However, unlike the agricultural revolution, there are no other biological systems known to have exploited this form of energy to stabilize their population. Does this mean that technocultural pathways are the only way to exploit the ancient biosphere (e.g., fossil fuels)? At least we can say that biochemical pathways are insufficient considering eusocial insects have been around for tens of millions of years unchanged.

Now few fundamentally new institutions arise during the industrial revolution, but no major institutions whose origins were during the agricultural revolution escape fundamental changes during the industrial revolution. Like other metasystem transitions this is caused by the combination of a newly exploited energy source and the widespread diffusion of literature. The printing press dramatically increased literacy, and also dramatically increased the amount any one person could read. It also set forth a revolution in media and journalism. In fact, the roots of our modern media and journalism institutions have their beginning in the Industrial Revolution.

Political institutions, which were formerly governed by religiously privileged blood-lines begin to be replaced by democratically elected leaders (even though the democratic process is still largely exclusionary). This is best demonstrated in the examples of the American Revolution in 1776 and the French Revolution of 1789-1799. Both of these revolutions were fundamentally against the idea of political institutions that had been developing and proliferating since the agricultural revolution. The center of the Industrial Revolution did not undergo a similar revolution because of the Glorious Revolution of 1688 (which I already mentioned above), that had stripped monarchies of their absolute power.

Today, we see both the American and French revolutions as perhaps the most important political developments in human history. They established a strong modern belief in democracy, secular government, and individual rights; even if both governments have not completely functioned how they should have functioned in theory.

And as the Industrial Revolution spread, so too did democracy. Due to the exploitationary nature of the globalization process and colonialism, such developments diffused throughout non-Western regions much slower than they did throughout the Western regions. Colonial powers in the 19th and early 20th century began the painful transition to largely democratically elected, secular institutions, with an emphasis on the Enlightenment belief that the individual was important and deserved certain rights and freedoms. And in that sense, it is the Enlightenment philosophy that lays down the intellectual architecture necessary for the accelerated growth of our system into a Global Brain. Individual rights over everything. Nothing is more important than ensuring that we maximize the happiness and experience of every human consciousness.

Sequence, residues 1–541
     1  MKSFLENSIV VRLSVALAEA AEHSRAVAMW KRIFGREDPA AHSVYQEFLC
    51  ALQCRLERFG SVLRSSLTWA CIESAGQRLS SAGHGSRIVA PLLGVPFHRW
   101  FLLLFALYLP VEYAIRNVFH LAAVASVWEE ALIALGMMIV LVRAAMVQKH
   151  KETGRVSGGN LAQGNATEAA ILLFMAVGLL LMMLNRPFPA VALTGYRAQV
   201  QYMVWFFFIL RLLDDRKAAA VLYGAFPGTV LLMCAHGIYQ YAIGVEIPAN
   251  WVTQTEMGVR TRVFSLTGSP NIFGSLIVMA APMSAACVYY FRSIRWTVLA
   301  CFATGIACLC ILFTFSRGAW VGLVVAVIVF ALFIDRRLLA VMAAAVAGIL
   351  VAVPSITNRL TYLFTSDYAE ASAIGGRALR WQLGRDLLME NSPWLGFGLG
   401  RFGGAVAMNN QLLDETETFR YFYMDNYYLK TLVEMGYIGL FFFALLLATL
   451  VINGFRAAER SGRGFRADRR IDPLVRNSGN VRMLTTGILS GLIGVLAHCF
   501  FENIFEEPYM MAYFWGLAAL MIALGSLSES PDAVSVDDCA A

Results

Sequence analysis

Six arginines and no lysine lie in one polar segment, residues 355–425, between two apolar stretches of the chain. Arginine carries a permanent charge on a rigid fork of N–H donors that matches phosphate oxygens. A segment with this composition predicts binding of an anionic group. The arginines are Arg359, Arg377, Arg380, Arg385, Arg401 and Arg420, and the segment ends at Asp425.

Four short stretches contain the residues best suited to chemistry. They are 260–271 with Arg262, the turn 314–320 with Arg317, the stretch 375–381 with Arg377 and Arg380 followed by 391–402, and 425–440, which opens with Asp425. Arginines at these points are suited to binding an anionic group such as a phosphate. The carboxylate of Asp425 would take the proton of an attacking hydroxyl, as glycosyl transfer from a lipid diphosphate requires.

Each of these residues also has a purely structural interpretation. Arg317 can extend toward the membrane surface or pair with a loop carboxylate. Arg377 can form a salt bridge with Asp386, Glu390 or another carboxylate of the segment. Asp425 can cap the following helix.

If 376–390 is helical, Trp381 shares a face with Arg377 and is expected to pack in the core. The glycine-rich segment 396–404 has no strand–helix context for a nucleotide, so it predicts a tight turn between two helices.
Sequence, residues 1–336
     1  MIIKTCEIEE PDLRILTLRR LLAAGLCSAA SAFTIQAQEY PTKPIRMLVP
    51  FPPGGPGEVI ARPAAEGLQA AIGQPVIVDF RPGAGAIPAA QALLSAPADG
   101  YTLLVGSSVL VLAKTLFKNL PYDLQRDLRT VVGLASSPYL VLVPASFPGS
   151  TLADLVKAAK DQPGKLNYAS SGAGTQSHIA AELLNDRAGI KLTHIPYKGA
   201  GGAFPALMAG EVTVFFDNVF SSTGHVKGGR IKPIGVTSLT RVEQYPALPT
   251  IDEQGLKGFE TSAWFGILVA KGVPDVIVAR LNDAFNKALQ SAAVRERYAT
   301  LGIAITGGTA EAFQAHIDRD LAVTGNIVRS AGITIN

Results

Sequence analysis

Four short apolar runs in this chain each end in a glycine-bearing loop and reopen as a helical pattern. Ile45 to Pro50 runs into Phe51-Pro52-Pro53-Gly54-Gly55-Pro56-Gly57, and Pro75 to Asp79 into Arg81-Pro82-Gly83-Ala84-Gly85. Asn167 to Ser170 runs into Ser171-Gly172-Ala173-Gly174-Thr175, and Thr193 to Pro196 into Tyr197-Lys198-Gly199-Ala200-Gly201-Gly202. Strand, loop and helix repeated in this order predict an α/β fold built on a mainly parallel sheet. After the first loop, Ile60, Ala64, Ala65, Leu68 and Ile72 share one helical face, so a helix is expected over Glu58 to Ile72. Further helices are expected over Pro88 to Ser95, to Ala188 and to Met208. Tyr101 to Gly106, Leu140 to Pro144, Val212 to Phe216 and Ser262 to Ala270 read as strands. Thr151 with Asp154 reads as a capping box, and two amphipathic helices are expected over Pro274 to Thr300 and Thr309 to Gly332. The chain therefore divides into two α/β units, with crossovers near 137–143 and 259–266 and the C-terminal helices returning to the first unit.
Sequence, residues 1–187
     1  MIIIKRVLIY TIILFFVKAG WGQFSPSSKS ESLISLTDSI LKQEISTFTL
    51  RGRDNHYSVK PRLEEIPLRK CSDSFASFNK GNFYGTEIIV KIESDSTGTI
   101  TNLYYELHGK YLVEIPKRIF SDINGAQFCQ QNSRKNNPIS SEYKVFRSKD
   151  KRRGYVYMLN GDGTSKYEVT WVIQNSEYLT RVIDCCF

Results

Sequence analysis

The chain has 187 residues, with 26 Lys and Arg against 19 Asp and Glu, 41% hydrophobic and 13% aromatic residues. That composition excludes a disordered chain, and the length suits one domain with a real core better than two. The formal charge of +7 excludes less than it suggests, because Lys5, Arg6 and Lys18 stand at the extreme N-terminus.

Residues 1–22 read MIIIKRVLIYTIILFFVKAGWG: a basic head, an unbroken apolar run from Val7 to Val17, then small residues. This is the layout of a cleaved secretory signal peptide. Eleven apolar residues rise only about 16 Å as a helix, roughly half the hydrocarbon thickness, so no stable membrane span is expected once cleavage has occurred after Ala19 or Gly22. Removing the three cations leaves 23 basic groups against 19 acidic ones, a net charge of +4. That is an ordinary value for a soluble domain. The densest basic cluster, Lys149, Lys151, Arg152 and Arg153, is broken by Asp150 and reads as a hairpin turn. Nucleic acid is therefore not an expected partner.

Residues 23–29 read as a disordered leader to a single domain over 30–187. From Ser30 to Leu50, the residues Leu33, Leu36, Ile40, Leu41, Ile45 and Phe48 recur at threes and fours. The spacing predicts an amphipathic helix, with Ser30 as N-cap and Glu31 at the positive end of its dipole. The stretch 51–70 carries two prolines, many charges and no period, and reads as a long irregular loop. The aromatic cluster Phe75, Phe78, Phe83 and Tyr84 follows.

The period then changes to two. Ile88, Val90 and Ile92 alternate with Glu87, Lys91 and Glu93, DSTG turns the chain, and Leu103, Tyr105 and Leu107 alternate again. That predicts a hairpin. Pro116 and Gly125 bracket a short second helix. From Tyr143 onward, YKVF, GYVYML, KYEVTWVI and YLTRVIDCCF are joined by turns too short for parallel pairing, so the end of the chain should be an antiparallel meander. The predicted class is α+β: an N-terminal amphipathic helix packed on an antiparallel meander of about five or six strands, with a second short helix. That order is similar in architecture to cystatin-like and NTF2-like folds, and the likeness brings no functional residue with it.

Of course, there were industrialized western nations that struggled in this transition, but it was always reactionary. Germany and Russia come to mind as examples of this. Germany and Russia decided to centralize as a response to the enormous wealth England and America acquired via overseas colonialism. But what is important is that the industrial revolution ignited democracy, not fascism or centralized communism. Fascism and centralized communism are the outliers, democracy is the trend. And both Germany and Russia today are democratic states, not fascist centralized states.

Before I move on, I want to make it clear that I’m not saying that history could have occurred otherwise. In an alternative history that had witnessed the Third Reich and the Axis of Evil triumphing over the West, we would have simply seen the world descend into a post-modern dark age. The Third Reich was a military expansionist state built on perpetual war and exclusion. A state like that couldn’t exist for long with the degree of information available during the Industrial Revolution. But if history had gone otherwise, as I said, we wouldn’t be on the pathway to the Global Brain because cooperation wouldn’t have increased, competition would have. The birth of a Global Brain could have been delayed by centuries. However, I contend that regardless of who won World War II, it wouldn’t have mattered on the scales of deep time. What is going to happen this century would have happened eventually.